Twitter says 130 accounts were targeted in a major cyber-attack of celebrity accounts two days ago.
While this happened on the 15th of July, Twitter also says only a “small subset” of those 130 celebrity accounts had control seized by the attacker.
This security breach saw accounts including those of Barack Obama, Elon Musk, Kanye West and Bill Gates tweet a Bitcoin scam to millions of followers.
“We’re working with impacted account-owners and will continue to do so over the next several days,” Twitter said, through its official support account.
“We are continuing to assess whether non-public data related to these accounts was compromised,” it added.
The FBI is also investigating.
It started on the 15 July, when a number of Bitcoin-related accounts began tweeting what appeared to be a simple Bitcoin scam, promising to “give back” to the community by doubling any Bitcoin sent to their address.
Then, the apparent scam spread to mainstream celebrity accounts such as Kim Kardashian West and former vice-president Joe Biden, and those of corporations Apple and Uber.
Twitter in its bid to contain the unprecedented attack, temporarily prevented all verified users from tweeting.
Attackers were able to bypass account security because they had somehow gained access to Twitter’s own internal administration tools.
However, US President Donald Trump, one of the most prominent Twitter users, was unaffected.
This might be as a result of extra protections put in place after his account was deactivated by an employee on their last day of work in 2017.
Despite the fact that the scam was obvious to some, the attackers received hundreds of transfers, worth more than $100,000 (£80,000).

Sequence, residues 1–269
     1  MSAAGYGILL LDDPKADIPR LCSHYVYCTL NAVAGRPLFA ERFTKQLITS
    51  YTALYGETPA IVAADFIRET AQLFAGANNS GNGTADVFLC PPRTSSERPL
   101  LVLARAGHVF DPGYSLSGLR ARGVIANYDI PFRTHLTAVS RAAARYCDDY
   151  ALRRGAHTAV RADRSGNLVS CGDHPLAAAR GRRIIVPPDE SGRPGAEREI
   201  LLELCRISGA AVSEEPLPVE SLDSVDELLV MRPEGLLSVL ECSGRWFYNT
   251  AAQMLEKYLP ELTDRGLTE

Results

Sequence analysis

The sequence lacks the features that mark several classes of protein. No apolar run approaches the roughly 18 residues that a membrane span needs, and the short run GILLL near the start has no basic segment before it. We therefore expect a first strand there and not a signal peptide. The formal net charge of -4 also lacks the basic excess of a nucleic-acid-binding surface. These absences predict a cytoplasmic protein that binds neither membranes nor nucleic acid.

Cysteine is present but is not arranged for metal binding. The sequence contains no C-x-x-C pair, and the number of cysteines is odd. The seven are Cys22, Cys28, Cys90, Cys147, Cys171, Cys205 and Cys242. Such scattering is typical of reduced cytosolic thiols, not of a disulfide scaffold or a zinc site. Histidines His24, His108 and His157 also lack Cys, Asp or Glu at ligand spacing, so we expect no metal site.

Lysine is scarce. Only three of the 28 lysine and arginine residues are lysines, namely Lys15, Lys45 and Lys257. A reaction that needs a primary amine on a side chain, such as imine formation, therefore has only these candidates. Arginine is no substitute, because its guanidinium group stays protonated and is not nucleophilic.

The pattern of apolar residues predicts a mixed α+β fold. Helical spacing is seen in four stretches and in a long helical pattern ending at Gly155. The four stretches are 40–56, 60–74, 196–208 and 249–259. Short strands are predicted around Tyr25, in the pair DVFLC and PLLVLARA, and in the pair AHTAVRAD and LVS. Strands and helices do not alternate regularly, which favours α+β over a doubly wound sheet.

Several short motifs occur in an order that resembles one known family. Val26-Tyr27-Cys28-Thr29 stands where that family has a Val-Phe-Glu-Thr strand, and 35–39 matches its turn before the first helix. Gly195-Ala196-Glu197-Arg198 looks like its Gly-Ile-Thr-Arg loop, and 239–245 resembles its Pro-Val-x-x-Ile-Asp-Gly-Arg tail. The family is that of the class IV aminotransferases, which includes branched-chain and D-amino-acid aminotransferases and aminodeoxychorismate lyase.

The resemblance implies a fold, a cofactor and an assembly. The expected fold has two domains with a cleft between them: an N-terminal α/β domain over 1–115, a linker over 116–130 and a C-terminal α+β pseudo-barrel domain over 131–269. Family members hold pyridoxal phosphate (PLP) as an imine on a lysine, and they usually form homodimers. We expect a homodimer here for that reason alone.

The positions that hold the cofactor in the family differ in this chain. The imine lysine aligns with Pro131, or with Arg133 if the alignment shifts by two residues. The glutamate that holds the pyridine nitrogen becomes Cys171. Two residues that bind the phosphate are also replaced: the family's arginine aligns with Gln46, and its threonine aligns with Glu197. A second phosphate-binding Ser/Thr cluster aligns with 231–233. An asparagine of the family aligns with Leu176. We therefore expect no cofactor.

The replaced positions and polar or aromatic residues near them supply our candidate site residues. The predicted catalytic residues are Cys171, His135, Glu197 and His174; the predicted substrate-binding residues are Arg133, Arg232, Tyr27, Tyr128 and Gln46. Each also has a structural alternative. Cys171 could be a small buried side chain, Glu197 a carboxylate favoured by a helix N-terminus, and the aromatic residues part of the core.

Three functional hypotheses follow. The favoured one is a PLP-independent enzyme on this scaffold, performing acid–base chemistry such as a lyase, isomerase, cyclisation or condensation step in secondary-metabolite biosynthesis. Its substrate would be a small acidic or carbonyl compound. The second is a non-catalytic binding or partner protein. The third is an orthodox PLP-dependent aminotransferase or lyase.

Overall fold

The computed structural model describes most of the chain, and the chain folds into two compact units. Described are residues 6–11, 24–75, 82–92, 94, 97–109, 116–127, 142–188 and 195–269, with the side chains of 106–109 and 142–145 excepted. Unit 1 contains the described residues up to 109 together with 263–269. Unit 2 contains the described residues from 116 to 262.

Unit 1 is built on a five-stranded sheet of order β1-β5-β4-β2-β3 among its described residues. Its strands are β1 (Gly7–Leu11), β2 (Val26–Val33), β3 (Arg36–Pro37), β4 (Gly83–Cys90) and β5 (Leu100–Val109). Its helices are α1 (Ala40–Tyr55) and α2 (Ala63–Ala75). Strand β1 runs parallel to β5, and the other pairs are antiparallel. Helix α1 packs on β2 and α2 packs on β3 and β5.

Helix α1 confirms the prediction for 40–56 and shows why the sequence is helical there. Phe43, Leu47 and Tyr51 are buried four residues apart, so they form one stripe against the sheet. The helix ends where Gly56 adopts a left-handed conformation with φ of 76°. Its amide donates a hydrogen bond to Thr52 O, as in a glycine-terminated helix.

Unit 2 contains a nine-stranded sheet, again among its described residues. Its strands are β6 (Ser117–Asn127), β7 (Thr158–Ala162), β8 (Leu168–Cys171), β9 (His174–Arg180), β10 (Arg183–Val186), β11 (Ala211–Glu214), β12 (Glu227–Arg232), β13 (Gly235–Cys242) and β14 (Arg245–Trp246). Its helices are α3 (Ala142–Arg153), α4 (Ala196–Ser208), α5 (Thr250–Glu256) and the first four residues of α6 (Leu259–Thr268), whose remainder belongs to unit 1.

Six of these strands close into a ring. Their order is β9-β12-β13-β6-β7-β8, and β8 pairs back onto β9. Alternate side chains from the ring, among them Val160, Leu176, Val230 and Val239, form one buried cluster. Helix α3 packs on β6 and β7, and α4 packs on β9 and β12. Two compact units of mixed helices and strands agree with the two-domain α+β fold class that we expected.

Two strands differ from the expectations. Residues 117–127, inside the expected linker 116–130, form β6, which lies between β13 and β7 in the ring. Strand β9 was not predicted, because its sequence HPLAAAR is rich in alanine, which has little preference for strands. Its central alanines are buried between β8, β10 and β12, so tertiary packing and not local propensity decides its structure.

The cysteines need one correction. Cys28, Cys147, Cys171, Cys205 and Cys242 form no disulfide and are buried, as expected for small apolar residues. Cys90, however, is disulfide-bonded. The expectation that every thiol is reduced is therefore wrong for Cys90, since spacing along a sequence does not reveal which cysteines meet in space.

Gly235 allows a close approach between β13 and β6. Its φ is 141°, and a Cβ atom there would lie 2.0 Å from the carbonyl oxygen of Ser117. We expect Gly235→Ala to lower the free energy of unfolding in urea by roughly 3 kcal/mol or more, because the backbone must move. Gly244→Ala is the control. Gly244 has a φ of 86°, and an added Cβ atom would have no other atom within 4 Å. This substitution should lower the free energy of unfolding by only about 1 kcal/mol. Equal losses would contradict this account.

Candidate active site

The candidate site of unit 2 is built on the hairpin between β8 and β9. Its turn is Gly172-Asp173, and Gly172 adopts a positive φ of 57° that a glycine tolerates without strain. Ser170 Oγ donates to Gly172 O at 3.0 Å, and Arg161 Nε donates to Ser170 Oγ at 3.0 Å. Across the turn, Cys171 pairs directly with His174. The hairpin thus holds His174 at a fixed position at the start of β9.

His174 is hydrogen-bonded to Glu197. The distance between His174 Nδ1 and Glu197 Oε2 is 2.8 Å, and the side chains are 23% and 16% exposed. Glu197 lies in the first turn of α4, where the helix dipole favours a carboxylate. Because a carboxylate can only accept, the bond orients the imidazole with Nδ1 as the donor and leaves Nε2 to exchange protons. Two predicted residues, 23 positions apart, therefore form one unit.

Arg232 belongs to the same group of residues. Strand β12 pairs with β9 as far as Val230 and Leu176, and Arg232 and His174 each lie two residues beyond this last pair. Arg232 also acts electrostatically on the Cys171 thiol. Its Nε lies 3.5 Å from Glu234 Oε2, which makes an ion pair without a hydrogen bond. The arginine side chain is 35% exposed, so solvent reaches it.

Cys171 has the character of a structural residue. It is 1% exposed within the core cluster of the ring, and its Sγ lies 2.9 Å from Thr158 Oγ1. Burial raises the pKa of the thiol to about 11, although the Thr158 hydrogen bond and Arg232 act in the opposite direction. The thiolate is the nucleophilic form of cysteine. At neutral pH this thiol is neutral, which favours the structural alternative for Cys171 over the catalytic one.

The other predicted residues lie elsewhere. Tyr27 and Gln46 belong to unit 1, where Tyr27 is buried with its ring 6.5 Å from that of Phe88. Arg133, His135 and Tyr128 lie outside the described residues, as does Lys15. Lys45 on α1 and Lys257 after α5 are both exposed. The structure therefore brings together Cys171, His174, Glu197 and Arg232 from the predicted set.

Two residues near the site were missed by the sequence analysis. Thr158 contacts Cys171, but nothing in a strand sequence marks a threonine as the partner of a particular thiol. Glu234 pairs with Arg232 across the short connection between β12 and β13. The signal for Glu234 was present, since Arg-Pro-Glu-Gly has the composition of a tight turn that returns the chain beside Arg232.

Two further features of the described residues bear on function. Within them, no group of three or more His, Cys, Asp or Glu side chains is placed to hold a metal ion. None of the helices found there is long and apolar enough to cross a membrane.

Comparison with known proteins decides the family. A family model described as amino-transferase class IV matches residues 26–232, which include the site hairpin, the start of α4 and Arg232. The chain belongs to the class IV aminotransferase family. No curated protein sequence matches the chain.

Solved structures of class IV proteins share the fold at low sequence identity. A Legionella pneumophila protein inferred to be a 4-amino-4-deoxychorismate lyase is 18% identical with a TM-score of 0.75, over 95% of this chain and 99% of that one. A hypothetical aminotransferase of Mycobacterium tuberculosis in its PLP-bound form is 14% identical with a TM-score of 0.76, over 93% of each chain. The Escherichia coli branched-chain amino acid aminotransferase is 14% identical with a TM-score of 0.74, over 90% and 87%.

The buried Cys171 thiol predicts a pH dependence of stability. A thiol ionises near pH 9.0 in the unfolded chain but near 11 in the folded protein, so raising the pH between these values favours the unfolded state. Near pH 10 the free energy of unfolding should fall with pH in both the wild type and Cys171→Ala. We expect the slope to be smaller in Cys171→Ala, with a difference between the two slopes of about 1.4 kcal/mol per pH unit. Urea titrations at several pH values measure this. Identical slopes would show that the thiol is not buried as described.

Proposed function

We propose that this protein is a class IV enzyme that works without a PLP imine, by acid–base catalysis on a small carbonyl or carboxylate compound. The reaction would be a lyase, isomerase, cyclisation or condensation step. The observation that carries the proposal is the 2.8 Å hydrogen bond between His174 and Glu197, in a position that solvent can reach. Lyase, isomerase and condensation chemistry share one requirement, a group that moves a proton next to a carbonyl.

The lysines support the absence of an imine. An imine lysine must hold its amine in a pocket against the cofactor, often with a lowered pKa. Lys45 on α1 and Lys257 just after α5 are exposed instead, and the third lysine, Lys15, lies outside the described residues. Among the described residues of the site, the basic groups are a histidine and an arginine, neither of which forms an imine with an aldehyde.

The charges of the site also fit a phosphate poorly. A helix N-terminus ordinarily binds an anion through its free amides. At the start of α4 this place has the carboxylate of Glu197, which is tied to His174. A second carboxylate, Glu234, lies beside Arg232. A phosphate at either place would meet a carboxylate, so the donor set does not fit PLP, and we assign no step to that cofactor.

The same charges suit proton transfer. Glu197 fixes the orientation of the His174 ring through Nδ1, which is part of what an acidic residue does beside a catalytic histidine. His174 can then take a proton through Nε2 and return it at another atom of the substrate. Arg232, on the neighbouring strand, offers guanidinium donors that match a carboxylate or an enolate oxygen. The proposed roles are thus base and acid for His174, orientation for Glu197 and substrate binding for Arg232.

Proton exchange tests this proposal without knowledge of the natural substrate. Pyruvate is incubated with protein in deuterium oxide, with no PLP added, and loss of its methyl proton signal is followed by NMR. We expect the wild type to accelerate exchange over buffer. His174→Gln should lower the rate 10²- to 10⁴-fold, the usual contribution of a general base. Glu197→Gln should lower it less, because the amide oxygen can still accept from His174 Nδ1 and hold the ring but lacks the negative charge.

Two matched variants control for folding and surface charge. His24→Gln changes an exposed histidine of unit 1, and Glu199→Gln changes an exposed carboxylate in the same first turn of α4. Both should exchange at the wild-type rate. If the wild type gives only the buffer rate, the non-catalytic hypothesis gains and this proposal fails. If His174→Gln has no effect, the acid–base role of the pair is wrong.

Bitcoin is extremely hard to trace and it turns out that the three separate crypto-currency wallets that the cyber-criminals used have already been emptied.
But earlier in the week, researchers at cyber-crime intelligence firm Hudson Rock spotted an advert on a hacker forum claiming to be able to steal any Twitter account by changing the email address to which it is linked.
The seller also posted a screenshot of the panel usually reserved for high-level Twitter employees. It appeared to allow full control of adding an email to an account or “detaching” existing ones.
This may mean that the attackers had access to the back end of Twitter at least 36-48 hours before the Bitcoin scams began appearing on Wednesday evening.
According to The New York Times, the hack began with a user named “Kirk” who bragged to two teenagers that he worked at Twitter and could access even the most high profile accounts
One of the teens lived in the US and went by the online name “lol,” and the other, who lived in the UK, used the online name “ever so anxious.”
The UK-based teenager denied working with “Kirk” to take over accounts belonging to Joe Biden, Bill Gates and others. The hackers posted messages on the accounts suggesting followers make thousands in bitcoin “donations.”
The concern is that this hack might not be over if the attackers copied – and still possess the private Direct Messages of the accounts over which they took control.